This is why ritual accompanies all the special transitions in our lives. And the more significant the moment, the more pomp it takes. The grandeur and formality of the ceremony activate psychological processes related to how we evaluate the world. Good things require the expenditure of effort and resources. A ritual laden with opulence signals that this is a moment worth remembering.

The opposite is also true. Without a meaningful rite of passage, a significant transition can seem less real and its meaning diminished. Imagine no one remembers your 50th birthday; or that, as the clock strikes midnight on New Year’s Eve, you find yourself on a desert island. Assuming you have a clock with you, would this transition be the same?

A passage without rite

A student wearing a flower-adorned graduation cap that reads “Nevertheless, She Persisted.”
A graduation ceremony at North Carolina Central University on May 4, 2024 in Durham.
DeAndres Royal/University of North Carolina via Getty Images

Not everyone cares about a graduation ceremony. Indeed, some graduates choose not to attend theirs. But these are rare exceptions. The vast majority of graduating students care, and so do their families, as evidenced by packed auditoriums and stadiums across the country.

In spring 2020, the University of Connecticut, where I teach, announced that it was suspending all campus activities in response to the COVID-19 pandemic. That day, the first question my students asked me was “Can we have a graduation ceremony?” » As in most universities around the world, the answer was no. I still remember the disappointment on their faces.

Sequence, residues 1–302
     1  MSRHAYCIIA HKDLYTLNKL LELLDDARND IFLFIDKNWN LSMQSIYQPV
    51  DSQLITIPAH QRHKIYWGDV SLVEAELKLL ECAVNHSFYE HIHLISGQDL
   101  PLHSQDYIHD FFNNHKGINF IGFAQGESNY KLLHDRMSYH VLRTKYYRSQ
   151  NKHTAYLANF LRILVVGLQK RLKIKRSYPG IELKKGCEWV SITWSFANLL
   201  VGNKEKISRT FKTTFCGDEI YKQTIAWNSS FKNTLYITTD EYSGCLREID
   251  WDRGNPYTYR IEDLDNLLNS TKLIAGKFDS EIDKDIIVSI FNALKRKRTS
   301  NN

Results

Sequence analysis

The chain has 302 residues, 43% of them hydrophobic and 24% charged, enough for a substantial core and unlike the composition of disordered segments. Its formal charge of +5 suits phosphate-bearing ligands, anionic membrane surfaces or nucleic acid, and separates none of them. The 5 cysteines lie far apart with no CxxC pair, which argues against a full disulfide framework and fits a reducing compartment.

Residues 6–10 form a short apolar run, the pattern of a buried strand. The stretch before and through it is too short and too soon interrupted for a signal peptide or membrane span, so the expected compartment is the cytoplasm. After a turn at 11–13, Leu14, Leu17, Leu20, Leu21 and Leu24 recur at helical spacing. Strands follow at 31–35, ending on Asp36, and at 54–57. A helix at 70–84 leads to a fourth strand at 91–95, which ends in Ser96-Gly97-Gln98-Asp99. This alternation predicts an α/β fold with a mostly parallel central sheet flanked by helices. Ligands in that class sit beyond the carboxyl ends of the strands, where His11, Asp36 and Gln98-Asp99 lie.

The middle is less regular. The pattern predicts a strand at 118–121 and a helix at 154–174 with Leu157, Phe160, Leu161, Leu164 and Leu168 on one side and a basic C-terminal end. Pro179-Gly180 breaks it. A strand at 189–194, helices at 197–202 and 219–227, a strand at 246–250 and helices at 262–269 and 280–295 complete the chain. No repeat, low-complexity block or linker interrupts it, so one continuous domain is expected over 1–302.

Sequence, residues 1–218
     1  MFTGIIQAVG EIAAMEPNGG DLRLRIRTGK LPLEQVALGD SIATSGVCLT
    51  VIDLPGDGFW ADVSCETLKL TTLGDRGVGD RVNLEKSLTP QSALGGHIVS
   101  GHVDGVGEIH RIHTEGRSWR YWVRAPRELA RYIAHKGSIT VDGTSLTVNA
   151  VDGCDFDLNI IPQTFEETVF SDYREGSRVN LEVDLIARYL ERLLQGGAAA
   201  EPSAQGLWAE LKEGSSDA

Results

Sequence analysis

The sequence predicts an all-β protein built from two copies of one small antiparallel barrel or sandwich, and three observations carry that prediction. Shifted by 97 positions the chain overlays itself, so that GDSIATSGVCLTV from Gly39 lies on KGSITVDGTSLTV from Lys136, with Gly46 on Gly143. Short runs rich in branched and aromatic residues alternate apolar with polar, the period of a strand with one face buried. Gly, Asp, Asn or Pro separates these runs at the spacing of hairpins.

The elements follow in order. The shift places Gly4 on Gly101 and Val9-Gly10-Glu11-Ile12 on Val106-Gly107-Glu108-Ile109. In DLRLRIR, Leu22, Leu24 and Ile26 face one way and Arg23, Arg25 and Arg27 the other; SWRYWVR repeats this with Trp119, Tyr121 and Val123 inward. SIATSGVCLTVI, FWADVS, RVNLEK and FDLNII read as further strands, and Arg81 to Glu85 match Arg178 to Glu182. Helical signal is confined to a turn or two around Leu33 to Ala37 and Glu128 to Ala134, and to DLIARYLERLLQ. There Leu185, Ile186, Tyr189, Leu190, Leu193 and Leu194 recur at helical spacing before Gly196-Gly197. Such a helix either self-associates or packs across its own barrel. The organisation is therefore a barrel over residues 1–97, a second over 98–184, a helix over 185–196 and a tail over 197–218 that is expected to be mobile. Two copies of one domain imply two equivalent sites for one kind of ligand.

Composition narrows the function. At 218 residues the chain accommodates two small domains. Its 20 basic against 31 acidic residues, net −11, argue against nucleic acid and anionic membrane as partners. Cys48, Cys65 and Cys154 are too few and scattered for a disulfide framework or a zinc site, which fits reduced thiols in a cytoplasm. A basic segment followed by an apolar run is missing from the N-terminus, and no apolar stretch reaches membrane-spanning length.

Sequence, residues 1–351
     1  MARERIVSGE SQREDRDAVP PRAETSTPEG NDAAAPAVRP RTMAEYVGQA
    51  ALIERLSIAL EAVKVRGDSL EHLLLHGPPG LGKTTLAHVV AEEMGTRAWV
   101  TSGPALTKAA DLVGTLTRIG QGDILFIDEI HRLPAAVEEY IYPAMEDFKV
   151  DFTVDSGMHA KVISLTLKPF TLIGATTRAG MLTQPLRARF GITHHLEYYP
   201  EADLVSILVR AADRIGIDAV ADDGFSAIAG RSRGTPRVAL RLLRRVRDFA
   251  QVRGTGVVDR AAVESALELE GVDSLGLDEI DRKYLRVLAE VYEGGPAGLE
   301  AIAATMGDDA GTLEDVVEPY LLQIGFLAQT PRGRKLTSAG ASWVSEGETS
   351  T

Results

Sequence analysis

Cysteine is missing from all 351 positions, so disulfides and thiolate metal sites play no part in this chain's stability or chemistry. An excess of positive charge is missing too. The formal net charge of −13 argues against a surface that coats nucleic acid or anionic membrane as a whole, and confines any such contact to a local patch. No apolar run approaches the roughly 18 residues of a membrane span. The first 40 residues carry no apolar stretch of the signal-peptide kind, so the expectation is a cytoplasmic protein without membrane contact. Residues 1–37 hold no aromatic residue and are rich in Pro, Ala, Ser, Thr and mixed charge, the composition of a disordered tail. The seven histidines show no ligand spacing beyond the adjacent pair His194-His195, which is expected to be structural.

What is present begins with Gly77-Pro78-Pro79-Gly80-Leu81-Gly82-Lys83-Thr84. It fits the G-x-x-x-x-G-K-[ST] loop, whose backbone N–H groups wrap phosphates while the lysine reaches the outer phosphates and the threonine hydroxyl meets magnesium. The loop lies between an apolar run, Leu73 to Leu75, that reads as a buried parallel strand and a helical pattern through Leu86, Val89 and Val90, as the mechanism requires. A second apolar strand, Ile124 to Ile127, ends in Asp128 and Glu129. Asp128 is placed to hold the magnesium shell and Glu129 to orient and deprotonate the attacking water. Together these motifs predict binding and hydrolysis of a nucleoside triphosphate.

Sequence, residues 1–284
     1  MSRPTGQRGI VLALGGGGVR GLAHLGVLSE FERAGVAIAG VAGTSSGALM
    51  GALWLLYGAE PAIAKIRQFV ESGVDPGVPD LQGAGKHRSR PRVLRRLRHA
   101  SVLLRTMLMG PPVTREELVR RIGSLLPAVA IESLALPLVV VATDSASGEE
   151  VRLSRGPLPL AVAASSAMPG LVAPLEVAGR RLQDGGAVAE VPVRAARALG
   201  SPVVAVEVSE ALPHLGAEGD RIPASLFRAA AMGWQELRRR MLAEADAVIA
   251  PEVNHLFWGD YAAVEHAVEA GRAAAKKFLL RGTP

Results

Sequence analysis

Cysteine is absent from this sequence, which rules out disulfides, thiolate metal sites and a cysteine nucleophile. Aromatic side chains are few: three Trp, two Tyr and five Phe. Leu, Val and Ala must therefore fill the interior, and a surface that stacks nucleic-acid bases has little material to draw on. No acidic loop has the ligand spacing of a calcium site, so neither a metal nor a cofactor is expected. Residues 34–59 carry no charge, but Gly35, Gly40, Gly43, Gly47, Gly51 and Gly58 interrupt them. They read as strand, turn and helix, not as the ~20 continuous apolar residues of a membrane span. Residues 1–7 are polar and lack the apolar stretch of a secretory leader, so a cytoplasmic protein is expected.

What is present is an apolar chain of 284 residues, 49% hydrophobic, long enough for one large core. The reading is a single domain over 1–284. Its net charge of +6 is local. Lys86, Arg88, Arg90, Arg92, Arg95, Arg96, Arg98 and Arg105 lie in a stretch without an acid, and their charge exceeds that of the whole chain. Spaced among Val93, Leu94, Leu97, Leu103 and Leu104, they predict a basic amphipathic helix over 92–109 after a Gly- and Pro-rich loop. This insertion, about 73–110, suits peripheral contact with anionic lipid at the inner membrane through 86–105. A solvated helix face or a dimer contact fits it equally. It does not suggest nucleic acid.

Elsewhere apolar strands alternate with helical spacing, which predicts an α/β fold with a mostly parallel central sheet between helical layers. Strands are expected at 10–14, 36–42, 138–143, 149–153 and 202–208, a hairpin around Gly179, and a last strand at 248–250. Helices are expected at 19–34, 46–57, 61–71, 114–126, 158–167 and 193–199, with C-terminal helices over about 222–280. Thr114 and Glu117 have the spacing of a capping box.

Most high schools also canceled their graduations in 2020. And now, many of these students are feeling a sense of deja vu. Once again, they will be deprived of the opportunity to celebrate their achievement.

Graduating from college can be one of the most significant transitions in a person’s life. Unless they pursue higher education, this involves radical changes in their lifestyle, social relationships and overall role in society.

The absence of a symbolic act to demarcate this change may leave graduates, in Van Gennep’s liminal space, feeling that the transition has not been properly completed. In the words of anthropologist Victor Turner, they are caught “between and between.”

In addition to their personal importance, rituals also play an important role in the formation of group identities. It could even be argued that the only time a conglomeration of individuals truly becomes a group is when performing collective rituals. After all, extended family members tend to only come together for events like weddings and funerals. Religious followers only gather to perform a sacred ceremony. And a student body only comes together to participate in a commencement.

Graduation ceremonies embody not only the sanctity of education and the importance of student achievement, but also the bonds that bind graduates to their institution and to their peers. As such, such gatherings may be more necessary than ever in a context strewn with divisions.